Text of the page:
« Reply #96 on: August 08, 2013, 04:38:11 PM »
I think that he needs responsibility.  Not as a punishment, but as an enticement.  "Fred, everyone needs to be back by one PM.  Make sure that they know that."  Put him in charge so he will understand that he is capable of much more than he realizes.

I do like this.  Maybe being given the role of "supervisor" will help him feel like he has a little more status.  Not to bully the other kids, but to guide them and be a role model to them.


Piratelvr1121

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Re: Babysitting the "Precious" child
« Reply #97 on: August 08, 2013, 04:57:02 PM »
The boys had a friend who would come down to our house to play often.  She lived a street up and her grandmother usually watched her during the day but she preferred to spend the whole day at our house, or rather IN our house, but she had a high amount of energy as do my boys so I'd often make them go outside cause I didn't want them running around inside. 

Now in the summer, so long as the weather was decent (not raining or dangerously hot) my boys didn't mind going outside.  And ftr, the girl didn't have any health conditions that would make it dangerous to be outside when the temps were around 80-85 degrees.  So she'd have to go outside too but when she wanted to come in 5 minutes after being sent out, she'd turn on the histrionics to try and get in.   ::)

I often told her if she was that hot, she could go up to her grandmother's house, but of course that just wouldn't do!!   ::)
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fountainof

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Re: Babysitting the "Precious" child
« Reply #98 on: August 08, 2013, 05:02:16 PM »
I don't know this kid so he could actually be very anxious or he could be very manipulative.  While I can sympathize with some anxiety I do think even at a young age you need to live life outside your comfort zone.  So if the outdoors makes you nervous and sad you still should go and push yourself a bit for personal growth.  At 12, generally crying shouldn't be necessary unless someone died or you are hurt so I can feel the OPs pain on that.  Because this isn't my kid, I would probably say nicely that the options are go outside or stay in and do a chore.  To my own kid, I would discuss why crying isn't appropriate in the situation and whining is not ever acceptable but someone else's kid I wouldn't be so strict.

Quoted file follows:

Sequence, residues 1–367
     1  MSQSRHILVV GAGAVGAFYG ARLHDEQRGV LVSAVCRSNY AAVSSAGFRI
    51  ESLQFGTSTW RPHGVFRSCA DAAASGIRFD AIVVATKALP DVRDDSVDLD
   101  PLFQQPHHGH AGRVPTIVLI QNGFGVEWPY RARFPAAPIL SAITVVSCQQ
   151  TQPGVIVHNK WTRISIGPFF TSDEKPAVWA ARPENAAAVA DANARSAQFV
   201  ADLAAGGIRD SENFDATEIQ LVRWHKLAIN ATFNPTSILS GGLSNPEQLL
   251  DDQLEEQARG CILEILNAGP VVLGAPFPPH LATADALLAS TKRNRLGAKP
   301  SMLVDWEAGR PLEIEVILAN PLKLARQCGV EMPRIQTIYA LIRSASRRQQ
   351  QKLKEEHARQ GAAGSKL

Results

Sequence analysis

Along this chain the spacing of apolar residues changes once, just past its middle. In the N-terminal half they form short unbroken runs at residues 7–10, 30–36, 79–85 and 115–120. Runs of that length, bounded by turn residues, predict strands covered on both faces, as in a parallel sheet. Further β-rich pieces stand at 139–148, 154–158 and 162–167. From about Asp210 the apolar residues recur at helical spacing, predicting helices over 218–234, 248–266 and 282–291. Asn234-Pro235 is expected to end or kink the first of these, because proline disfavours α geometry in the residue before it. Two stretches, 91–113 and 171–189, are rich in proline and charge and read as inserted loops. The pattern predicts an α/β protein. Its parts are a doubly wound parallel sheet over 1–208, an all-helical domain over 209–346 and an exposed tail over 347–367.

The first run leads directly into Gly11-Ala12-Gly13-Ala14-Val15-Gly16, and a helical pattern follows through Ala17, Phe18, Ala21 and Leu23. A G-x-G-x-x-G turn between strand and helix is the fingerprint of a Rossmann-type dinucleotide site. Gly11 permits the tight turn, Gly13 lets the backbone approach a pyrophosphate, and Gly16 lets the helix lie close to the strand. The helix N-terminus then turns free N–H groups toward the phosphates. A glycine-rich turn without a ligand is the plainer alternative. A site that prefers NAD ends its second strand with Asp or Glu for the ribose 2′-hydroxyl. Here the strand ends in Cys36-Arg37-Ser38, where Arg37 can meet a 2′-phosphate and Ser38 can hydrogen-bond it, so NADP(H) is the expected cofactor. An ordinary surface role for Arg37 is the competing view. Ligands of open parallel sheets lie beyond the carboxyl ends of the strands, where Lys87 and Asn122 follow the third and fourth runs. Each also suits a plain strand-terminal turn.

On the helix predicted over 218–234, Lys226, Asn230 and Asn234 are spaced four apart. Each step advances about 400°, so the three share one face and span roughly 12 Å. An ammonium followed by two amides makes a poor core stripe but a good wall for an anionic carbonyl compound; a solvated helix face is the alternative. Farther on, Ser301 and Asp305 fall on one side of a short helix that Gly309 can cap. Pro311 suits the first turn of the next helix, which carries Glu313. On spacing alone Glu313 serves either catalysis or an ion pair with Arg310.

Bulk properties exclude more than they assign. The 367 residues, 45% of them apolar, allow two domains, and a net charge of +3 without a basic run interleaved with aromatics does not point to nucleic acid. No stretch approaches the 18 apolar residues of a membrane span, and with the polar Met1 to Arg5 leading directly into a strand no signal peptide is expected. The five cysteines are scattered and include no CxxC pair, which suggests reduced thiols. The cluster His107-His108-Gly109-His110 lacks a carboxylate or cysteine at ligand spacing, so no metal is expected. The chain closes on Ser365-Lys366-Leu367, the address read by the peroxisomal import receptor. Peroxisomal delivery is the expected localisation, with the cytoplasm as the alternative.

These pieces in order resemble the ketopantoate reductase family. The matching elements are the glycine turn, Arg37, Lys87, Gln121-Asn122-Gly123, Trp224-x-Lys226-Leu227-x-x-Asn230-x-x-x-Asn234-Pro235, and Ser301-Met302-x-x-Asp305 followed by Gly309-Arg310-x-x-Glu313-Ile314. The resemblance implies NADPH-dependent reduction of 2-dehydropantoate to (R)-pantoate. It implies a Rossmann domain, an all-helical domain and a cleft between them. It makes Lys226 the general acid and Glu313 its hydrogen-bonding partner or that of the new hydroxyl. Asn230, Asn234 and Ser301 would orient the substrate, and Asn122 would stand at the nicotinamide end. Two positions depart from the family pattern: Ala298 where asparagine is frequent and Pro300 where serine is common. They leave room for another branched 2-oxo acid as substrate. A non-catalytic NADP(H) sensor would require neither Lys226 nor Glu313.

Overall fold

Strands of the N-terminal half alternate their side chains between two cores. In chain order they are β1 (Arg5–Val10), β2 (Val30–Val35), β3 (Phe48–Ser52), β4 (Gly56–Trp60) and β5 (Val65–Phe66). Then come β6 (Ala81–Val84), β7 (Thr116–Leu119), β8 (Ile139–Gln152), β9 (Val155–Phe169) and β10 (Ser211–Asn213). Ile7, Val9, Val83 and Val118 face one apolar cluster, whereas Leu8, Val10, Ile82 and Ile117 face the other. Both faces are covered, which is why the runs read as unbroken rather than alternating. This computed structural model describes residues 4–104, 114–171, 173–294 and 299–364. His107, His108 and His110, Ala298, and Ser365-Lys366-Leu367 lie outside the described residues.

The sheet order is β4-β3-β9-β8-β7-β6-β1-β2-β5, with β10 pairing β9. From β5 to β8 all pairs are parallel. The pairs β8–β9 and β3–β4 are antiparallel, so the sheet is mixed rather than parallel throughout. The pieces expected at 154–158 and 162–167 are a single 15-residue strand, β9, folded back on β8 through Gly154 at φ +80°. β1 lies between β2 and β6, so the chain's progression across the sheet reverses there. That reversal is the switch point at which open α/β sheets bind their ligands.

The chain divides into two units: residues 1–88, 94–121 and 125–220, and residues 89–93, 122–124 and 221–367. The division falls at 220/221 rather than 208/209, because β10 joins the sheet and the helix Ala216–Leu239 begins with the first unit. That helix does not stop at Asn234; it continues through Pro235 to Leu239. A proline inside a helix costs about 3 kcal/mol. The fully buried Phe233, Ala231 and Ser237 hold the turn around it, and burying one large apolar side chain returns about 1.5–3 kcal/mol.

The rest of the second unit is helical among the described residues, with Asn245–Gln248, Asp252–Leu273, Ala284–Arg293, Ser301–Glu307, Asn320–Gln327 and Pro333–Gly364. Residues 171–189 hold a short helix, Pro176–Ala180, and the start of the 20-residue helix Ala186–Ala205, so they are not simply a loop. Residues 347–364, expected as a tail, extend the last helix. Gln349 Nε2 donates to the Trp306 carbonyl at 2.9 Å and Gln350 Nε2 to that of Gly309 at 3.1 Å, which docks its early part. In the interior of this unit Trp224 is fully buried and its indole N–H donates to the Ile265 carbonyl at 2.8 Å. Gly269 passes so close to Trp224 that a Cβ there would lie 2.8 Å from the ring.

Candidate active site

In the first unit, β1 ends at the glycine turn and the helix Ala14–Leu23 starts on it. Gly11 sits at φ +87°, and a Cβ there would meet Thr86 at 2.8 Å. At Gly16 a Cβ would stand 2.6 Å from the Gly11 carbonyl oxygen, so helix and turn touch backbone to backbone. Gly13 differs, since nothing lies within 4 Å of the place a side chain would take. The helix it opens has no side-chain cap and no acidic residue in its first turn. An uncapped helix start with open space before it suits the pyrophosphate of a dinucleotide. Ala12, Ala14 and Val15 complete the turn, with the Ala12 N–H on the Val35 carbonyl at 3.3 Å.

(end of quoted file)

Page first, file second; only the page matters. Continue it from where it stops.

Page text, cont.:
I do not think there is anything wrong with the OP's me time, I find it off putting that people are implying cleaning is an acceptable down time activity but watching tv isn't.  There are times my 4 y/o DD has to entertain herself so I can do something for myself and that is just how it goes.

LadyL

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Re: Babysitting the "Precious" child
« Reply #99 on: August 08, 2013, 05:18:07 PM »

I do not think there is anything wrong with the OP's me time, I find it off putting that people are implying cleaning is an acceptable down time activity but watching tv isn't.  There are times my 4 y/o DD has to entertain herself so I can do something for myself and that is just how it goes.

Yes, and since sending the kids outside was part of the babysitting arrangement in the first place I don't get the accusations about the OP being "negligent" as a babysitter. I don't think she should have to provide alternative indoor activities for the 12 year old, if his parents agreed that outside time was fine as part of the arrangement. If there was a problem like allergies, bullying, anxiety, etc. I would expect a tip off from the parents.

Hmmmmm

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Re: Babysitting the "Precious" child
« Reply #100 on: August 08, 2013, 05:21:15 PM »
OP, I've had experience with a good friend's child that would use whinning, wheedling, and pouting to get her way. It doesn't sound like this behavior is new to this boy, but an established pattern, just like it was for my friend's child. This child and her sister's spent a lot of time at my house.

At first the child had me snowed like she did her mom. But I caught her too many times using to just get her way, so DH and I stopped responding and started telling her that we didn't allow that behavior in our house.  I was really glad when she finally hit an age where I could tell her to just go home if she was going to pout. Amazingly, she is 17 now and still treats us like her second parents, but she still knows not to try her pouty ways on either of us.